You have probably heard of an LMS or LXP. But have you heard of an LCMS?. If you haven’t, you’re not alone. In fact, it’s very difficult to find a clear description of a learning content management system (LCMS)!
eLearning tools often get tangled in their definitions and use cases. That makes it harder to understand the full purpose, power and benefits an LCMS can have as a part of your digital training programme.
With this in mind, today we are going to jump right into the world of learning content management systems and give you a clear understanding of the tool.
Are you ready? Let’s go!
CMS + LMS = LCMS
Combined, these acronyms create a learning content management system, or an LCMS. All these systems are very different and address unique business challenges.
A content management system is essentially a library that stores all your material. This includes training manuals, company policy, documents, educational tools and other relevant company resources.
As such, a CMS organises important materials in a centralised location to provide easy access for your users. Whilst it may host learning content, it has not been designed specifically for this purpose, unlike the next system we’ll look at.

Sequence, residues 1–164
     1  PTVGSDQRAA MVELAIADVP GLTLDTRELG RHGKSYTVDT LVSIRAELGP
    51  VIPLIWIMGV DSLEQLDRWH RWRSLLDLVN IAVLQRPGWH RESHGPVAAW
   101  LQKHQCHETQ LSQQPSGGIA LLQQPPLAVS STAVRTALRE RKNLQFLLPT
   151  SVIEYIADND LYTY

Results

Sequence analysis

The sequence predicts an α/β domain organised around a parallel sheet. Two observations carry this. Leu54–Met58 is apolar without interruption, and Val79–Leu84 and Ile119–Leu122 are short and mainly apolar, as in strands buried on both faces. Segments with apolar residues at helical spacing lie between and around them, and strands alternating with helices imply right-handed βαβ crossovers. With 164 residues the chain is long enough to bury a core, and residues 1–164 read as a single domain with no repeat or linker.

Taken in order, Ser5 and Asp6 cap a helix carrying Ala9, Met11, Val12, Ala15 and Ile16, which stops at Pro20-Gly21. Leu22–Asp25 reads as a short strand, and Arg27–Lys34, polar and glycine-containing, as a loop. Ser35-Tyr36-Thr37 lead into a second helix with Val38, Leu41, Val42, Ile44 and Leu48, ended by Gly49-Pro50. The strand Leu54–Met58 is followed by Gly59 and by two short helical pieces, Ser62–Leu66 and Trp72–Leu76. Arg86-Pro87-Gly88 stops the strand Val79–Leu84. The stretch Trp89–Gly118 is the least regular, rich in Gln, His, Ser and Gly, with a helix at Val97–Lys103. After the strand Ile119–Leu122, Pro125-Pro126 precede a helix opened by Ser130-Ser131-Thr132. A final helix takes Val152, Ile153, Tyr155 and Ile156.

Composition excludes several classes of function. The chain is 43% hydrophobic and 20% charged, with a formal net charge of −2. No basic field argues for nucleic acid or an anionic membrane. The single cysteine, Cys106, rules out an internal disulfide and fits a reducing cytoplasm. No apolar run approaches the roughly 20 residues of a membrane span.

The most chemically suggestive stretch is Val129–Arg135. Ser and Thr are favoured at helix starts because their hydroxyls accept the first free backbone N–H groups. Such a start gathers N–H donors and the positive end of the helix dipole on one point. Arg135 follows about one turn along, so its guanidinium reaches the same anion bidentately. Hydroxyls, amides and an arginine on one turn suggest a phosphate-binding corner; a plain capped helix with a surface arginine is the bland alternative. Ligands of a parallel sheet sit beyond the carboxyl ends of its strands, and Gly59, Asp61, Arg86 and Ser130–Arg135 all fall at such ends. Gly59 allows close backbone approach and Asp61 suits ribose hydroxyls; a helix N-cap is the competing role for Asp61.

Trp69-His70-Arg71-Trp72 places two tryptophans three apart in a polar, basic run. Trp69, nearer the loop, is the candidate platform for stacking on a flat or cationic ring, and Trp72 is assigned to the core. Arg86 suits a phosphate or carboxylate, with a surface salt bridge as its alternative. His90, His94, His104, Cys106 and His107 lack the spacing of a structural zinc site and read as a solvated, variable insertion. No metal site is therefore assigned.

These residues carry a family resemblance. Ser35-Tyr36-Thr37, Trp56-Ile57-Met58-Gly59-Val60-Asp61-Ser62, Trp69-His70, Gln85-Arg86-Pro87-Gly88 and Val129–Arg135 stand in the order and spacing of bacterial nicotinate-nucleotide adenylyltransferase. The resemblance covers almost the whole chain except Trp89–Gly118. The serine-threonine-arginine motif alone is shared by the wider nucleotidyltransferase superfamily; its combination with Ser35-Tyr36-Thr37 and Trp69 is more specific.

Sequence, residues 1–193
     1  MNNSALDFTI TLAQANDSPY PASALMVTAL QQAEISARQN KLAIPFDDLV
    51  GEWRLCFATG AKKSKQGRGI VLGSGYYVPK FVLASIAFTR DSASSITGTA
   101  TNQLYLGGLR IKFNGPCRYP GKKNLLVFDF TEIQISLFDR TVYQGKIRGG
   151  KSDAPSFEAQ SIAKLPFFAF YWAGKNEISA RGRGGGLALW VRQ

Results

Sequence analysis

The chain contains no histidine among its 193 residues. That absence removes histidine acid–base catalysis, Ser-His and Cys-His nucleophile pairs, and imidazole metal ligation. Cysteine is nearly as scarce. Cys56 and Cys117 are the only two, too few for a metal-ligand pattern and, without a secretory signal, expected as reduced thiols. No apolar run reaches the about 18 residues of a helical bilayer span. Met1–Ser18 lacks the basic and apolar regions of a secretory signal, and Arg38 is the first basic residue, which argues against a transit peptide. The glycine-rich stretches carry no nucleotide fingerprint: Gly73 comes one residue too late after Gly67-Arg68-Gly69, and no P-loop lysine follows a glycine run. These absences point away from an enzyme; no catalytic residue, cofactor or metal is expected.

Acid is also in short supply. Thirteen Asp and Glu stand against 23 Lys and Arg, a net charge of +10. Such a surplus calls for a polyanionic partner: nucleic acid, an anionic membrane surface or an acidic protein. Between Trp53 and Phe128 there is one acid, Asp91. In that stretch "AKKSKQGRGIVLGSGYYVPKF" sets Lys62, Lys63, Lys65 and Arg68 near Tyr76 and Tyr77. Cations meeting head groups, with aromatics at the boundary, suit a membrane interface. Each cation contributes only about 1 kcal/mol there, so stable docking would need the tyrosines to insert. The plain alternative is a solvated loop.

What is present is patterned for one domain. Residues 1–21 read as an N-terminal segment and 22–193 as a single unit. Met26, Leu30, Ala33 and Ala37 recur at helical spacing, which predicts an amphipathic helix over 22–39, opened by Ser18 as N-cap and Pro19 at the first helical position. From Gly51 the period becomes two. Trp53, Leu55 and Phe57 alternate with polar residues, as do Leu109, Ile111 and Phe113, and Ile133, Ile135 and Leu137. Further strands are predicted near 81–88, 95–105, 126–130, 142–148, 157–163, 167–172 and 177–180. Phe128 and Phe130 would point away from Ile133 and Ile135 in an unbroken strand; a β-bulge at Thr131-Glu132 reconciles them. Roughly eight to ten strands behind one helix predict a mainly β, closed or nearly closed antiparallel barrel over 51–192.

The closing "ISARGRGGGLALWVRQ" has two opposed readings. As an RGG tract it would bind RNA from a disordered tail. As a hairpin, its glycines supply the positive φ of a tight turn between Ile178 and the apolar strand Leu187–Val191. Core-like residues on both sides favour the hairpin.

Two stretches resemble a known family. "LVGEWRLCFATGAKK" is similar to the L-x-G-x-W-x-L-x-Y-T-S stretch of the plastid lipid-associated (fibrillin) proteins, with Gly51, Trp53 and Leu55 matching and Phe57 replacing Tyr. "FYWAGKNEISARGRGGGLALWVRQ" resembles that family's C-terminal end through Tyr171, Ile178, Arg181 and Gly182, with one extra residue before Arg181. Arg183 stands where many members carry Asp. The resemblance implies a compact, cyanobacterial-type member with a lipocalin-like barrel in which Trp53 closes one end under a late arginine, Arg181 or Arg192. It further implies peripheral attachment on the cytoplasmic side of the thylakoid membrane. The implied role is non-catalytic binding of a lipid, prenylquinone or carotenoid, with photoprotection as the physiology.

The primary function of a learning management system is to administer, assign, track and access learning content.
This is where your audience will come to access their training content. Typically, these learning experiences will have been produced outside of the system and uploaded onto the platform.
In other words, an LMS manages and delivers online learning activities for your entire organisation. It automates and provides administration for training units, lessons, quizzes and other learning events.
As you know by now, LCMS stands for a learning content management system. It is a platform that allows you to create, manage, host, deliver and track online learning content.
In fact, you can think of it as your one-stop shop for eLearning, from creation to delivery. Only an LCMS can manage the full content lifecycle.
As such, an LCMS is an effective tool for organisations as the platform integrates authoring, delivery, publishing and analysis of content in a multi-user environment.